It’s not just childbirth that repels me, it’s the years of sleepless nights, crack-of-dawn starts, foul nappies, projectile vomit, giant pushchairs filled to the rafters, regimented routines, having to spend time with other people’s children, and stressful journeys. 

An hour to get out of the house just to go to the supermarket? No thanks.

Before you think I’m a wimp, I went through major heart surgery aged four and traumatic bowel surgery at 29, and I deal with two auto-immune diseases — ulcerative colitis and ankylosing spondylitis (spinal arthritis) — on a daily basis.

Being so ill was also a factor in my decision not to have children. For the best part of a decade I couldn’t get out of bed or even take my medication unaided. I would have been incapable of looking after a child.

It was at this point, aged 32, that I asked my GP if I could be sterilised — I couldn’t risk getting pregnant because I knew I couldn’t put my body through the trauma.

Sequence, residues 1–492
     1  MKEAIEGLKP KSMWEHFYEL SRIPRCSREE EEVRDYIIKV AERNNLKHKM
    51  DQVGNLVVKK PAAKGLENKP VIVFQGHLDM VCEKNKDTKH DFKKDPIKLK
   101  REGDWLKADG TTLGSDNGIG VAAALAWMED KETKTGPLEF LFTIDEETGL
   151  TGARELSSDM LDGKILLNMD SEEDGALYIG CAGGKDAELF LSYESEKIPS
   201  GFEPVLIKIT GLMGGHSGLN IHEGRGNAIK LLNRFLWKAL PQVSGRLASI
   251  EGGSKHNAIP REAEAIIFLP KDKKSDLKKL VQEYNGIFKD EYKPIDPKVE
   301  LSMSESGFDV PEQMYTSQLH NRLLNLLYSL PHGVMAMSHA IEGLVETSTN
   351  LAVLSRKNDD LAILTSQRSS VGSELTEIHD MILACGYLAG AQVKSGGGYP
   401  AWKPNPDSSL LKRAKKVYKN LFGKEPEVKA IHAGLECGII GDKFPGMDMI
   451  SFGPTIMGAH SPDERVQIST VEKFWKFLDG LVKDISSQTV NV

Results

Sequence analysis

My gastro surgeon had told me that I would have ‘great difficulty’ in ‘retaining a foetus full term’.

Throw my drug treatment into the mix — a powerful immuno-suppressant which you can’t take if you want to become pregnant — and perhaps you’ll understand why I wanted to remove the risk of an unplanned pregnancy. I’d never have been able to cope with the idea of abortion, either physically or emotionally.

But, despite everything, I was deemed ‘too young’ to be sterilised ‘in case I changed my mind’.

I persisted with a second opinion, citing the aforementioned reasons. I finally got given the go-ahead, only to find that a scan showed so much scar tissue around my uterus from previous surgical procedures that the operation was cancelled. I was devastated.

My parents have always supported my choice, even before I became ill. They watched me build a great career, and I never considered what it must have been like for them to see their chances of being grandparents (or 50 per cent of them, anyway) diminishing. 

They have never hidden their desire to have grandchildren, and occasionally there would be a stab of guilt because I wouldn’t — and couldn’t — give them a child to dote on, just as their parents had doted on me and my brother.